Can't help but feel left out of your list there Dave.. ;)

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    4. Maybe you would have been on it had your post been up when I wrote mine? Cheeky basatard.

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  4. (Head explodes with joy.)

    Three fingers, eh? He could flip the bird at everyone who wants their dinosaurs naked! WHY DO I WANT TO DRAW THIS SO MUCH WHAT IS WRONG WITH ME?!?

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    1. Nothing is wrong with you, Trish. Well, OK, there probably are quite a few things wrong, but none of them pertain to wanting to draw this dinosaur.

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    2. I want to draw it, too. Except at the rate I do anything and with fifty thousand other palaeo-artists clamouring to illustrate this beast, I think I may just have to let it pass. For now.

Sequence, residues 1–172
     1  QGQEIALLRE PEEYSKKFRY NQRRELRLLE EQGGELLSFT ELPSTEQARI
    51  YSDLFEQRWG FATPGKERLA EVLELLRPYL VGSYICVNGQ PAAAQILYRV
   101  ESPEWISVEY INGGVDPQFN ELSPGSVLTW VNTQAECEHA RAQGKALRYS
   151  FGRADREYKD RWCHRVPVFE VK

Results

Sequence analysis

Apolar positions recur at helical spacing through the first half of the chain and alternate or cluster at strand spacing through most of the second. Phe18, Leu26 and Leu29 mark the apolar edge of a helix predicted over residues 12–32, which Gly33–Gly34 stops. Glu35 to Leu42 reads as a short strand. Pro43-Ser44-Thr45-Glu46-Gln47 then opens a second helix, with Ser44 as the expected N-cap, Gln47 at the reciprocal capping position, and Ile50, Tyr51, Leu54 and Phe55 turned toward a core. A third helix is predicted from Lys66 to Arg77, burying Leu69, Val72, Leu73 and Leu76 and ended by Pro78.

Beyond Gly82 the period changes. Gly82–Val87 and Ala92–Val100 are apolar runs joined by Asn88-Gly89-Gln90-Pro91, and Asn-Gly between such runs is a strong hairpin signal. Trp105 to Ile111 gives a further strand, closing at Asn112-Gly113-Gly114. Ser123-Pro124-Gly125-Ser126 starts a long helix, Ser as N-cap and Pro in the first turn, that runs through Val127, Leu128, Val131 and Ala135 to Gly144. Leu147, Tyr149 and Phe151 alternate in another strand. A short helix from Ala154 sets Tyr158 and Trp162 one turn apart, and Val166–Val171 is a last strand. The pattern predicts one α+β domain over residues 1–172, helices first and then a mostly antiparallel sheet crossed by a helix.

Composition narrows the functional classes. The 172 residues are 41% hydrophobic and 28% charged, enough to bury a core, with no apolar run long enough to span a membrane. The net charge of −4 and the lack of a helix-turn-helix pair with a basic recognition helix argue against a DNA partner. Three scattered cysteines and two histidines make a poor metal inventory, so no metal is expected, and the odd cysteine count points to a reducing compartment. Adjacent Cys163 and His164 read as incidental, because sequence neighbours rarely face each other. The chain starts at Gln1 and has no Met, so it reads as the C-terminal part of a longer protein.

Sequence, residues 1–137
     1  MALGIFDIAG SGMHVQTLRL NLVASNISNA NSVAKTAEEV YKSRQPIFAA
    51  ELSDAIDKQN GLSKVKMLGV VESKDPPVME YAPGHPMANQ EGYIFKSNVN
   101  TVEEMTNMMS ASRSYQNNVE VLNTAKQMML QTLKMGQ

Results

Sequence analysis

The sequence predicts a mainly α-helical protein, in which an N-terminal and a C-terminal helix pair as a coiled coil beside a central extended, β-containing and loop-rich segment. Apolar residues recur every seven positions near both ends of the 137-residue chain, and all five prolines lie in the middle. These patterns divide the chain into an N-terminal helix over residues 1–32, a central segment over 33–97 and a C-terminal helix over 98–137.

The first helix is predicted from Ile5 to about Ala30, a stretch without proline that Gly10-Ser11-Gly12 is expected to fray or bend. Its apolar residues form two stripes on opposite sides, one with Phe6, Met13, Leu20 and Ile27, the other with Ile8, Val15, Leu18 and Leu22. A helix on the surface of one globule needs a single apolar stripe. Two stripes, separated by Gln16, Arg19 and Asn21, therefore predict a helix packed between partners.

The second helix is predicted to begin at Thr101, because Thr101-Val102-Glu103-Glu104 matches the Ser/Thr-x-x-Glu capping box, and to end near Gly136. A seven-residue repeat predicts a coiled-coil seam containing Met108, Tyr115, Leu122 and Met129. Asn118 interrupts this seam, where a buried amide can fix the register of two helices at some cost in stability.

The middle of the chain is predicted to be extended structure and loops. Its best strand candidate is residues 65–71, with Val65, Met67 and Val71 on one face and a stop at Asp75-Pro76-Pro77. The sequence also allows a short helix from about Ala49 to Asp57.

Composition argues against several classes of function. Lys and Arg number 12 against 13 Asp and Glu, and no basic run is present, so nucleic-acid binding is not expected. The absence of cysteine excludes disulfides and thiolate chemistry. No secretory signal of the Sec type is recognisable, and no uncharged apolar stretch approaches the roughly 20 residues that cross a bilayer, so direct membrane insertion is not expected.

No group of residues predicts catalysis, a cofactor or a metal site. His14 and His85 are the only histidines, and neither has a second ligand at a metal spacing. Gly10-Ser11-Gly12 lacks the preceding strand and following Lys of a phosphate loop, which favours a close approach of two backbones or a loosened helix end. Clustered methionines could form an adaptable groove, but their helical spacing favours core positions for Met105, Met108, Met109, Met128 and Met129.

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    4. Yeh, stay off the bandwagon Niroot! ;-)

      Yutyrannus is like 'Kony 2012' for dinosaur illustrators!

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  5. The name translates to 'beautiful feathered tyrant', which has to be one of the best names for a dinosaur ever.

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  6. Best dino discovery in the last 5 years... at least! Like Holtz I´m willing to see how the anti feather-in-big-dinos crowd and BANDits are going to deal with this. The winter coat thing is just uber BS...